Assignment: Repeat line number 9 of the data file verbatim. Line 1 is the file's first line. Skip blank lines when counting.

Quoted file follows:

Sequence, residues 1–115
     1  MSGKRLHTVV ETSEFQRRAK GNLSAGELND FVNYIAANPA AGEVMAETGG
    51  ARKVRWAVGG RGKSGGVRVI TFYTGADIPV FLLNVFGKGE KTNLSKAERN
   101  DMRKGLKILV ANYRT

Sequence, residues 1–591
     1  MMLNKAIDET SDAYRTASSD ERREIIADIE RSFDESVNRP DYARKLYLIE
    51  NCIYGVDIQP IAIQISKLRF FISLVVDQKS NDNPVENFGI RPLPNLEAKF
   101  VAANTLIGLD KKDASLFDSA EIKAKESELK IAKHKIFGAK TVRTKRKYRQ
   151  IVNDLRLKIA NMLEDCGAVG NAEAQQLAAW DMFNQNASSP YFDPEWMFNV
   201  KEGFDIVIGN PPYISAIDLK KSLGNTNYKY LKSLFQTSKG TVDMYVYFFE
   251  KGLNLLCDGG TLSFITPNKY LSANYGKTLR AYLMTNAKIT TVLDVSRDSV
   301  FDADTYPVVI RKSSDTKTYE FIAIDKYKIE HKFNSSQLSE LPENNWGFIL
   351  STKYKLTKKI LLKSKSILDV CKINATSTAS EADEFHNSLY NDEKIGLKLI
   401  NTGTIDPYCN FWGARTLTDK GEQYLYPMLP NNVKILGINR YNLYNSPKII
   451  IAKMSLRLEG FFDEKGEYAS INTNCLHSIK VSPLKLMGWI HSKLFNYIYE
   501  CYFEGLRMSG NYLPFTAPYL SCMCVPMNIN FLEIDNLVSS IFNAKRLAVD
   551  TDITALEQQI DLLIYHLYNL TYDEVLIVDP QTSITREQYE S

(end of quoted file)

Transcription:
   151  IVNDLRLKIA NMLEDCGAVG NAEAQQLAAW DMFNQNASSP YFDPEWMFNV